Psychological but Real: Psychosomatic Disorders
According to statistics, up to 30% of people coming to see a doctor have very real symptoms that cannot be explained medically. Can paralysis and blindness really be caused by our mind? In this article, we explore the nature of psychosomatic disease.
Diagnosing a psychosomatic illness
Our emotions trigger a lot of physical reactions, such as laughter (contraction of the diaphragm), tears, or a stomach ache before an exam. None of these surprise us – so why should it seem so strange that stress or trauma can cause a serious illness?
Psychosomatic symptoms can range from recurring headaches to paralysis, seizures, intense pain, blindness, and muscle spasms. While such disorders are much more common than you think, first it is necessary to rule out all possible physiological explanations, perform blood tests, x-ray, and even MRI scans. If none of the tests reveal any disease at all, then it is time to search for psychological causes.
The link between our mind and body is complex and mysterious. While in many cases nerve pathways get blocked, causing psychosomatic symptoms, there can be many triggers:
- Stress and anxiety, both at work and in the family;
- Trauma – a personal tragedy, a brush with death, a difficult break-up, or abuse in the family can take years to process until they are finally expressed as a psychosomatic disease;
- Personal predisposition – some people are more prone to anxiety;
- Hormonal imbalances.
Types of disorders
Three types of psychosomatic illnesses are most common:
- Pain disorder – recurring pain is present in several different parts of the body, strong enough to make normal life and work difficult but clearly without a physical cause;
- Conversion disorder – sometimes the psychological suffering or trauma is so severe that the brain simple cannot deal with it; instead, it is transformed into seizures, loss of sensitivity in some part of the body, loss of vision, etc.;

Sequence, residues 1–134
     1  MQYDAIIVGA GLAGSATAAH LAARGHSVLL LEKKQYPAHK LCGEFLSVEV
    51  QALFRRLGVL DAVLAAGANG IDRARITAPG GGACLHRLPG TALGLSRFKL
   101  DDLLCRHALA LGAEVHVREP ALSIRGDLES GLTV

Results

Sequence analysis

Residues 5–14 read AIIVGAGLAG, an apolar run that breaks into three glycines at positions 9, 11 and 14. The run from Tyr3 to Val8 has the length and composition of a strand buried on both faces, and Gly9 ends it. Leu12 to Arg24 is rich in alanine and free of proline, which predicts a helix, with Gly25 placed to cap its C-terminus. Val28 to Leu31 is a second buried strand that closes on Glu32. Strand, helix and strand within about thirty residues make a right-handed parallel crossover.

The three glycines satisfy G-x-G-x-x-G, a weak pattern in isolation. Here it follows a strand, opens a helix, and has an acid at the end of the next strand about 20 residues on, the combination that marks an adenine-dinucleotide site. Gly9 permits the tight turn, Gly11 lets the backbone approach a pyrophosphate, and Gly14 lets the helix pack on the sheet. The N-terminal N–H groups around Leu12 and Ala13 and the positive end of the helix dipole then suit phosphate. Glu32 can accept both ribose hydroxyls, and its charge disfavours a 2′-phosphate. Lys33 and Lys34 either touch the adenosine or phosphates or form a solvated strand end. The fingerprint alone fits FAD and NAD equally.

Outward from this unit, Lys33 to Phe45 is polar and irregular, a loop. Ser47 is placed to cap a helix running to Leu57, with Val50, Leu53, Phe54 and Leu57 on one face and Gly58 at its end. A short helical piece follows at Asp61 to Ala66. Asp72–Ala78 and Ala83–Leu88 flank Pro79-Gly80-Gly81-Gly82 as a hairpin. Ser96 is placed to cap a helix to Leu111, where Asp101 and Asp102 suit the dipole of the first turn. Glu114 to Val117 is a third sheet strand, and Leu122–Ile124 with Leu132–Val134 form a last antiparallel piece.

- Somatization disorder – several different symptoms have to be present, including pain, gastrointestinal disturbances, sexual issues, and neurological problems, such as paralysis, deafness, or hallucinations.
A hard-to-accept diagnosis
A lot of patients react with anger to a psychosomatic diagnosis, insisting that the doctor must be wrong. That’s why it is so important to test for all other diseases first: for example, recurring diarrhea can be caused by IBS and migraines – which used to be considered psychosomatic –by microbiome imbalances. But if no other illness can be found, it is quite probable that there is no illness. At the same time, patients with psychosomatic disorders are not faking their symptoms – they really cannot see or move, they are really in pain. The job of the doctor is to explain very carefully what “psychosomatic” means and to persuade the patient to see a psychiatrist.
The road to recovery
A psychiatrist will help the patient discover the root of their symptoms and prescribe physiotherapy or occupational therapy and perhaps antidepressants or other neurological drugs. Treating a psychosomatic illness can be just as hard as healing o normal physical disease.
However, often the first step to recovery is also the hardest one to make: it is simply accepting the fact that the disease is caused by the mind.